Doug & Alek are joined by Watershed Voice Columnist and Office Manager Steph Hightree to discuss parenting during a pandemic, how paramount in-school counseling has been for her daughter Cadence, the trials and triumphs of her son Nathan, the joys of camping and her dogged pursuit of a Playstation 5 for her husband in the first of two back-to-back episodes with Ms. #MomLife herself.
WSV’s Steph Hightree writes. “Making dinner for my family is frustrating. I make two meals each evening, one for my son and one for the rest of my family. But the other day we had a breakthrough. […] My son, my very picky, my very particular son tried a cheeseburger for the first time!”
WSV’s Steph Hightree writes, “I think it is only natural we all wish for that small break where we can just be ourselves and not be mom for a minute. It doesn’t have to be as extreme as taking a whole vacation, it can just be hiding in the bathroom for 15 minutes to take a second to breathe, running to the store alone, going on a weekend trip, or in my case, driving eight hours away to a cabin in the woods to hopefully unwind and unplug.”
WSV’s Steph Hightree finally found her camper and it’s all she can talk about.
WSV’s Steph Hightree writes, “It may take years to realize that you have forgotten about yourself. I know it did for me. But when you finally break out of that mom cocoon it can feel refreshing to finally do something for yourself. It can be as simple as sitting down for 30 minutes to read a book or as elaborate as taking a kid free vacation to recharge your batteries. The reason I am writing this is to remind you that in the middle of the chaos, spit up, and dirty hair, you are in fact a person. You are still you.”
WSV’s Steph Hightree writes, “This past summer I finally started letting my daughter stay home by herself. I would be lying if I said I don’t think of every possible thing that could go wrong before I leave the house though. When does protecting them too much start to hinder their growth process? Has worry and fear taken over my life? Am I putting my child’s happiness in a bottle and locking it up until they are old enough to move out of the house? Am I taking away their ability to become risk takers or confidant adventurers all because I let my fear and worry take over my life? I think the answer is yes, at least a little bit.”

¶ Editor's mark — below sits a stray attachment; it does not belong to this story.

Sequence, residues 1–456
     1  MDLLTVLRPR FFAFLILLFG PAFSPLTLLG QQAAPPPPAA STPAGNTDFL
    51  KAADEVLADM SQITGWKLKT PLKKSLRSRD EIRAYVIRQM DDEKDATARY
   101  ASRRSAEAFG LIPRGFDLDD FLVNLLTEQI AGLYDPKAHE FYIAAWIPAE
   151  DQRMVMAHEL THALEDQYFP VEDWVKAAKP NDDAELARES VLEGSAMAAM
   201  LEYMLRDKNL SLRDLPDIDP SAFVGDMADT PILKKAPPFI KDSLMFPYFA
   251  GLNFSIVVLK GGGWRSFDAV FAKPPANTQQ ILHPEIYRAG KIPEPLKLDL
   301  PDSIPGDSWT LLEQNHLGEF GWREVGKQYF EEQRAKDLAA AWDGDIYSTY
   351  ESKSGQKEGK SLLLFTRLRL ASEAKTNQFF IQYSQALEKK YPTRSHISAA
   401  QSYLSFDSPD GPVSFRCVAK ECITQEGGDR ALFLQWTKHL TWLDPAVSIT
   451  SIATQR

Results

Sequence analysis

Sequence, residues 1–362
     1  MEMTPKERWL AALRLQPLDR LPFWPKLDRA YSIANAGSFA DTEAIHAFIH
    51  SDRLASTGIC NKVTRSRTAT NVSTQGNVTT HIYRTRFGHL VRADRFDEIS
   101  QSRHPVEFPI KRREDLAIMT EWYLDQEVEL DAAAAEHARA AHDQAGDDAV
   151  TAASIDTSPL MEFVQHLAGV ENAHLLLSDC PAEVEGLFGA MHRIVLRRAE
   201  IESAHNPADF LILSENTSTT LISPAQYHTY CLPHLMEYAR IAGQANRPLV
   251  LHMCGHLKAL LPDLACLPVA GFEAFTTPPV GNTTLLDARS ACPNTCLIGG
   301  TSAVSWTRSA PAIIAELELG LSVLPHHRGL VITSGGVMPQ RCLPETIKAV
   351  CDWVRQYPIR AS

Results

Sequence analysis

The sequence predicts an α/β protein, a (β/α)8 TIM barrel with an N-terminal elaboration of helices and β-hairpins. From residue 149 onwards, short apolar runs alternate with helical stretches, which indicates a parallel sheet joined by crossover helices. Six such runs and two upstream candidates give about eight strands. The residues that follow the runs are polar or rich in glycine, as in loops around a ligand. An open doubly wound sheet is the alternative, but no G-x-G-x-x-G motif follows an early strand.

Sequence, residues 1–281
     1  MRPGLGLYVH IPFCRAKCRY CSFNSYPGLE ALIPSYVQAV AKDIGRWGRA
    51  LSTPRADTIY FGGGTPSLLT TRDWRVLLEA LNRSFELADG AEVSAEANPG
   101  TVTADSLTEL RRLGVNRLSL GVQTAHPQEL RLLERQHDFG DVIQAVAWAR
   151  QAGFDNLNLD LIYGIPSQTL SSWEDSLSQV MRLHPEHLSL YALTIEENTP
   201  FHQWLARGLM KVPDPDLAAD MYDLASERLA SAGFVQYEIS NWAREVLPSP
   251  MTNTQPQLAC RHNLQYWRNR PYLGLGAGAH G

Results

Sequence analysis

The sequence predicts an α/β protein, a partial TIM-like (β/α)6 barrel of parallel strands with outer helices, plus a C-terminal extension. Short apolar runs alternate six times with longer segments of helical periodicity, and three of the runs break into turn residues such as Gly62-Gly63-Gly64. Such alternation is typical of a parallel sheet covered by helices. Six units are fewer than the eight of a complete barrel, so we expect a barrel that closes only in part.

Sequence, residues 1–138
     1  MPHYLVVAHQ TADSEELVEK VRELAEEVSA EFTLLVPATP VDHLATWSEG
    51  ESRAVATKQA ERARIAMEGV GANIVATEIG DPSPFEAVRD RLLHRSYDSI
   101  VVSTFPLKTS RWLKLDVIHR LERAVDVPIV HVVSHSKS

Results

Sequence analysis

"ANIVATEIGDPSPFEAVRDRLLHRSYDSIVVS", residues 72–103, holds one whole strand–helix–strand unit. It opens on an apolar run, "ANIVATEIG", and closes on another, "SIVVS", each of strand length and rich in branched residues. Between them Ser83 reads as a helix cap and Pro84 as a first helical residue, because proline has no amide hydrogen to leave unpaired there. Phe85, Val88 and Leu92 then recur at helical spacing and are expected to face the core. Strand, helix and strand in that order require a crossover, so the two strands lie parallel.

WSV’s Steph Hightree writes, “I am a big supporter of taking medication to help with one’s mental health and other health related issues. I wouldn’t be able to function without mine. But my daughter is feeling some shame with hers. She feels like something is wrong with her because she has to take medicine. So how do we end this stigma? Unfortunately society has not helped with this. Mental health is still not considered a health problem even though it has the word health right in its name. It is considered taboo to be depressed. People don’t like discussing or dealing with it. I’d like to end that now.”
WSV Columnist Steph Hightree writes, “I am by no means an expert on picking your battles. But I do have 13 years of parenting experience to fall back on and I’ll tell you what, I have lost more than I have won. But my children are alive and happy and healthy, and I haven’t lost all of my hair yet.”